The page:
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Yet configuring the systems required months of work and even then needed constant maintenance to enable them to detect the latest threats and pinpoint likely malicious traffic. He realized that while companies may want to monitor their networks for threats, they typically have too few security people to work through data from far too many logs -- a problem that will only get worse as companies seek to sift through more operational data to detect threats. Big data could be the downfall of security if companies don't find better ways of dealing with the growing volumes, he says.
"What chance do we have: We can't find the needle in the haystack as it is now, and now the haystack is 100,000 times larger," he says. "We are going to need help."
To help solve the problem, Pinto has worked during the past six months on a machine-learning system that can take logs and identify traffic that originates from suspicious neighborhoods of the Internet. Dubbed MLSec, the project uses supervised learning algorithms to identify networks that are home to malicious actors. Pinto plans to demonstrate the tool at the Black Hat Security Briefings in July.
The independent researcher started with data from the SANS Institute's DShield project, which gathers firewall logs from participating community members. Pinto trained the system on 1.2 million events from 30 million log entries as well as other data submitted by volunteers. When comparing his results to known blacklists, the machine-learning algorithm appeared to be accurate in 92 to 95 percent of cases. Unlike blacklists, however, the systems does not need to be told which networks are malicious; it creates its own representation of the Internet.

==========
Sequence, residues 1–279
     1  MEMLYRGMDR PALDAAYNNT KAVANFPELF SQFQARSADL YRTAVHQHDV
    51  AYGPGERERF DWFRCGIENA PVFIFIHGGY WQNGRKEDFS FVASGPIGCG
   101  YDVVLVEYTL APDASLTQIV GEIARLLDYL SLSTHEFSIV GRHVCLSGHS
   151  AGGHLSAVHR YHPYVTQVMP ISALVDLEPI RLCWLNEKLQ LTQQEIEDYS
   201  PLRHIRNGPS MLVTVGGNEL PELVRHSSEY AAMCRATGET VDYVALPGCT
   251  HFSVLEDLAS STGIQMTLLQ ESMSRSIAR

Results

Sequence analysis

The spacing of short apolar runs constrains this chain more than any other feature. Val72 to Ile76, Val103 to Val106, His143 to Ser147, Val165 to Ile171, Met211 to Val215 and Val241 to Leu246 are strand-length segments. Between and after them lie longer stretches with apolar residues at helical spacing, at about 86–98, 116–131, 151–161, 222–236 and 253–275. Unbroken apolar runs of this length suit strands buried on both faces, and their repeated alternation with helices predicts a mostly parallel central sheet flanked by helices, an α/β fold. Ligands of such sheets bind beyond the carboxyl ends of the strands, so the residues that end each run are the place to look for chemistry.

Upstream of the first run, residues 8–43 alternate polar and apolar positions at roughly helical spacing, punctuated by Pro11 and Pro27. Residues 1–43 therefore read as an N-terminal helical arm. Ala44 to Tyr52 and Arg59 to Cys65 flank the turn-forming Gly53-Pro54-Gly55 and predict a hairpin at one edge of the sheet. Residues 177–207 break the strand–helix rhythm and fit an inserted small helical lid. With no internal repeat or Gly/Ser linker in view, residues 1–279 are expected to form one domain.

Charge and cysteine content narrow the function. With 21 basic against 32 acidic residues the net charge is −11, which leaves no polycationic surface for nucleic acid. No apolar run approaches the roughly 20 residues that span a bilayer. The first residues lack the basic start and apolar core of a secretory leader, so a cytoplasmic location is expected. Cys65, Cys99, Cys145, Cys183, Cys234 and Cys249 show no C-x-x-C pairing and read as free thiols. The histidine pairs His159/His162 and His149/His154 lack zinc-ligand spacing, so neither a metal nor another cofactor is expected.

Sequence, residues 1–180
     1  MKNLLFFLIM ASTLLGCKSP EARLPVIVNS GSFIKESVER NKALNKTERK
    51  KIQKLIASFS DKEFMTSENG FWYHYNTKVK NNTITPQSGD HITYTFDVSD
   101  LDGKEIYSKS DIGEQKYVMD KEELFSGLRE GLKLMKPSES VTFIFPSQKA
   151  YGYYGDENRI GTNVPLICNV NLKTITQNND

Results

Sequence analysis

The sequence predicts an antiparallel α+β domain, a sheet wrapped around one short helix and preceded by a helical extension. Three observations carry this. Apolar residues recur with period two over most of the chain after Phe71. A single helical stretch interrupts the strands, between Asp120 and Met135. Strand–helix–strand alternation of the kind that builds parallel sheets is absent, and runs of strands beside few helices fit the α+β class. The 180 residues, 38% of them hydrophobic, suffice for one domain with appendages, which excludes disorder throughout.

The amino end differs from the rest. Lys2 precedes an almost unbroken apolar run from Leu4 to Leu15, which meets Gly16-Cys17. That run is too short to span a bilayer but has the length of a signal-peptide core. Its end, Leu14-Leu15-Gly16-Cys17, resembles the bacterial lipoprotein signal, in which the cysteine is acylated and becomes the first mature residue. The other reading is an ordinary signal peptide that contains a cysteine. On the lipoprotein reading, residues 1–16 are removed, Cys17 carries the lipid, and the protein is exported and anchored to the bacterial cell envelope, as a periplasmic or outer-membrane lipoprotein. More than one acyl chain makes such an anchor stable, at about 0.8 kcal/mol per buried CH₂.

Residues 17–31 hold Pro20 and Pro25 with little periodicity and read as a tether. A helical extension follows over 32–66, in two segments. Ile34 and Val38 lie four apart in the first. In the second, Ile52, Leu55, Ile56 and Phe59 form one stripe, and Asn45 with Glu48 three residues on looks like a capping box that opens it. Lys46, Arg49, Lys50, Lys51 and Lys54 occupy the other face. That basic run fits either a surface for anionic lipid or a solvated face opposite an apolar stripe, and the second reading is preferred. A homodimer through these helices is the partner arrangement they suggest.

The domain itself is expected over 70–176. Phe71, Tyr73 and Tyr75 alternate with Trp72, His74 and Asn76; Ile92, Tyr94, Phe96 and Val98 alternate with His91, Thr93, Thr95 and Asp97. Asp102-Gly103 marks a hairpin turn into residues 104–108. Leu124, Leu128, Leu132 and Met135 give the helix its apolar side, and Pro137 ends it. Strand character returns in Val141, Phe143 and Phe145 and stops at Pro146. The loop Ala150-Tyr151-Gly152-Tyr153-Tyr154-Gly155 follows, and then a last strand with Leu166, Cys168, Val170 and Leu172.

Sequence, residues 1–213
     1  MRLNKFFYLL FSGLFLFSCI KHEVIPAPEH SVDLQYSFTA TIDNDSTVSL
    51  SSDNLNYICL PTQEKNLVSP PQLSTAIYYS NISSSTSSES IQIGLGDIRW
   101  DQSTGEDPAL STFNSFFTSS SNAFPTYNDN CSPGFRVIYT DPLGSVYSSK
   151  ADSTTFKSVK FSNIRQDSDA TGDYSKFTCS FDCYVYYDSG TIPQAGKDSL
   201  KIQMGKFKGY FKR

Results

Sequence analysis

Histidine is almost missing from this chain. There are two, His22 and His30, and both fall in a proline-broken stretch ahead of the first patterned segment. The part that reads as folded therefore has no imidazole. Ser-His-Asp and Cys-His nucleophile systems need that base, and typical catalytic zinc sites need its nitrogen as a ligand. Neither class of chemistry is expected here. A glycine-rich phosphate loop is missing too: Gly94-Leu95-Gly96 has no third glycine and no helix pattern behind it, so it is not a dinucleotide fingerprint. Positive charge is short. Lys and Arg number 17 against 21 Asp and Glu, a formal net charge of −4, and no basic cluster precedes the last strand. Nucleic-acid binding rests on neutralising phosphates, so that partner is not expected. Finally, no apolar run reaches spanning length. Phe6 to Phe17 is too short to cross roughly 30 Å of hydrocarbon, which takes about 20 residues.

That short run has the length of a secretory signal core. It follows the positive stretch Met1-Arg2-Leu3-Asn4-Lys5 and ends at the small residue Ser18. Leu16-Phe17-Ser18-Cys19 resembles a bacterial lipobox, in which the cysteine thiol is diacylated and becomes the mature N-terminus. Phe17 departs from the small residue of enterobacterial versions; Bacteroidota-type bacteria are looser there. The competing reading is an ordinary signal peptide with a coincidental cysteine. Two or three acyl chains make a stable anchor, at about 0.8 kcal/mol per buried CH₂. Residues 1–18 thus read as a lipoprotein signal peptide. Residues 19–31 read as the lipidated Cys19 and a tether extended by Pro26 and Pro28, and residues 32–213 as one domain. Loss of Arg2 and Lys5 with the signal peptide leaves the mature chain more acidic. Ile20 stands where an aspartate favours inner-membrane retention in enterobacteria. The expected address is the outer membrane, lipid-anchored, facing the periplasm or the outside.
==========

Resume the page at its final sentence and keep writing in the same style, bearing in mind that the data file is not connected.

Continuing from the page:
Such a system can help information security managers by more accurately flagging traffic coming from questionable areas of the Internet, says Johannes Ullrich, dean of research for the SANS Technology Institute. In addition, the system can give administrators the best guess of the maliciousness of incoming traffic based on incomplete information, he says.
"It really helps to direct the attention of the security administrator," Ullrich says. "The big-data approach filters the data down to a subset, so you know what is worth looking at."
[Rather than watching for communications between infected systems and command-and-control servers, companies can detect stealthy malware when it attempts to spread. See Researcher To Open-Source Tools For Finding Odd Authentication Behavior.]
For companies with overworked staff, the ability to cull the run-of-the-mill data from the interesting -- potentially malicious -- traffic can be a great benefit. In addition, a machine-learning system can be constructed to adapt far faster than a human as the attackers change their tactics, Pinto argues.
"The model will outperform the expert because the model does not forget the data," he says. "It selectively diminishes the weight of what happened before, as time goes by, but it does not forget it."
Pinto plans to make the system available as a service to anyone to upload their firewall logs. In exchange, the people will get a report that summarizes the findings of the system.
In the end, the more people who use the system, the better the results should be, Pinto says.
"In machine learning, of course, the algorithm is important, but the more data that you throw at it, the better," he says. "This is the perfect fit with data security. The more you are attacked, the better your defenses should get."
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